Different tales, same title

Saturday December 16 2017

A bookshop in Nyeri town.

A bookshop in Nyeri town.  FILE PHOTO | NATION MEDIA GROUP


Modern copyright law can feel extremely frustrating and broad. I belong to a couple of WhatsApp groups for creatives and any time the issue of copyright comes up, it proves to be one hot topic.

My novel, Shifting Sands, published in 2012 by Nsemia Publishers, is a story by Kemunto and her three girlfriends, all Kenyans but of different cultural heritage.

The reader goes on a journey with the four as they mature into young adulthood on this adventure called life, facing the world with their encounters, cultural intricacies and intertwined lives.

For the past month or so, readers and a couple of friends have drawn my attention to the fact that a Nigerian author, Ike Obidike, has recently published a novel by the same title and they were wondering if this is allowed by law. Obidike’s novel was released a couple of months ago.

Well, this past week or so I delved into research and came up with intriguing cases of many different novels with similar titles.

Apparently this is a grey area in most jurisdictions but well-defined in others. Just for the record, between 2008-2010 as I wrote Shifting Sands and was settling on my working title, my online searches only brought up mostly scholarly essays and research articles bearing the words ‘Shifting Sands’ as part of a longer title, for example, Steve Donahue’s Shifting Sands: A Guide on crossing the Deserts or Thomas Davis’ Shifting Sands: The Rise and Fall of Biblical Archaeology and more recently Khaled Fahmy’s Shifting Sands: The unravelling of the Old Order in the Middle East.

In recent times, there has been a proliferation of newer novels with the words “shifting sands” like Kay Thorpe’s The Shifting Sands, Radha Venuprassad’s Shifting Sands, etc and at the time of research I also remember a book by one author called Irah Moringa titled Shifting Sands: A Novel.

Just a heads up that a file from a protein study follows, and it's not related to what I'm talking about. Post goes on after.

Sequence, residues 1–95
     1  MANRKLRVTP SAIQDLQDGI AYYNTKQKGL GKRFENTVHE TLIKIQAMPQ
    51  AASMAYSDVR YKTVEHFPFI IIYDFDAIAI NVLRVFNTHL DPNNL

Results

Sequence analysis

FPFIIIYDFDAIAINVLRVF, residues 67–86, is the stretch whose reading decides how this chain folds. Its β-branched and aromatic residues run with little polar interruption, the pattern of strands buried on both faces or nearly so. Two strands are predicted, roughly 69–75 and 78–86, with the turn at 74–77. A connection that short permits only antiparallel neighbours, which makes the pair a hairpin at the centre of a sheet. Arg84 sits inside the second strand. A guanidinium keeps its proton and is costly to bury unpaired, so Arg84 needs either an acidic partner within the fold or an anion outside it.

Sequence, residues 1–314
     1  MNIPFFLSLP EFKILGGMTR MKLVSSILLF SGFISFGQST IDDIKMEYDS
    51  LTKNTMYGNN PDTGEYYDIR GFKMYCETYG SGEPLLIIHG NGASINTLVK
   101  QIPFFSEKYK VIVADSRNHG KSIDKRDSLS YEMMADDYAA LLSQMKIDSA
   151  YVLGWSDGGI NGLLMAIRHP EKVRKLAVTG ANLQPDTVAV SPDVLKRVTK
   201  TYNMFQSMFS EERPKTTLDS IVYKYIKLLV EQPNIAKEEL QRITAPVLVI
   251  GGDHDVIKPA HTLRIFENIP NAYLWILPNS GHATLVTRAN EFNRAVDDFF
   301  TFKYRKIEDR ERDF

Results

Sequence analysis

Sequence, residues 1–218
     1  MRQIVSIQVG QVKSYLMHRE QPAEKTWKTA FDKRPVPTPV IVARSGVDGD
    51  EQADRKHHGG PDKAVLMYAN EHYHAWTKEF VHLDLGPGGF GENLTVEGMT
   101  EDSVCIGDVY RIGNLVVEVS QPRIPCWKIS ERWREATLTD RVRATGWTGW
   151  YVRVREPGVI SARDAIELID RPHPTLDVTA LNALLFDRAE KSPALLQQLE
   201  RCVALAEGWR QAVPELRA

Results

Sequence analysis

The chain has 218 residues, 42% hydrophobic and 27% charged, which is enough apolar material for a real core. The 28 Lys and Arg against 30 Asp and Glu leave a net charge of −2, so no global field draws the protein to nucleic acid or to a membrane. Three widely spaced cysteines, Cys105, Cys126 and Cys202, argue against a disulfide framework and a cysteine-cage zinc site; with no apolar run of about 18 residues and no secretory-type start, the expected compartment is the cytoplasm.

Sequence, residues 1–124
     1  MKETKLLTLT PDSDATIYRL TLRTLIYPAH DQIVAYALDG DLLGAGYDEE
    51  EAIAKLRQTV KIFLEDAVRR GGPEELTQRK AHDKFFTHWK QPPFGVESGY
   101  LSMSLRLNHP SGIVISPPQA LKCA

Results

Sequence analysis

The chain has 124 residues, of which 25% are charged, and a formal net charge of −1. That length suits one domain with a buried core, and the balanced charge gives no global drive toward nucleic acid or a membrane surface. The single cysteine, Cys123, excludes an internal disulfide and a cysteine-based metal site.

However, the book had neither a summary nor a synopsis coming up, so we concluded it was an out of print edition. I then settled on my title because I was born and grew up by the beach and my book is set at the Kenya Coast. On my research on American copyright law, for example, I learnt that slogans, ideas, names and titles are not protected by US copyright laws which is maybe why many books I came across have similar titles.

One overused title for novels is ‘Twisted’, shared by almost 100 books! To qualify for copyright protection in the US, a work needs to possess “a significant amount of original expression” and while “a significant amount of original expression” isn’t fully defined, the courts have ruled that short expressions like book titles do not qualify.

The US Patent and Trademark Office states that a trademark protects words, phrases, symbols or designs identifying the source of the goods or services of one party and distinguishing them from those of others. So in a nutshell, once a book becomes successful enough to be considered a recognisable brand, it could be eligible for trademark protection. In short, using a title that has previously been used on another book is more often than not legal and lawful.

As to whether or not it is a good idea to go with a title that has already been used, that is a question best suited for an author and his editors. However, in my opinion if one has another title in mind that isn’t already in use, I’d rather consider changing it to avoid confusion. I am sure title-sharing is not ideal for any two publishers’ publicity or marketing departments because the last thing they want is consumer confusion.

If your publisher becomes aware of a same-title book/novel in the market, they will most likely suggest a different title which will be the best course of action if the similarly titled novel is in the same genre, with a similar topic and especially more so if published around the same time.

During my online foray for this piece I was surprised to find out that title-sharing is not an unusual phenomenon and that two favourite reads of mine have similar titles as other novels – Kate Atkinson’s Life after Life (which I’m currently re-reading) and Paula Hawkin’s The Girl on the Train.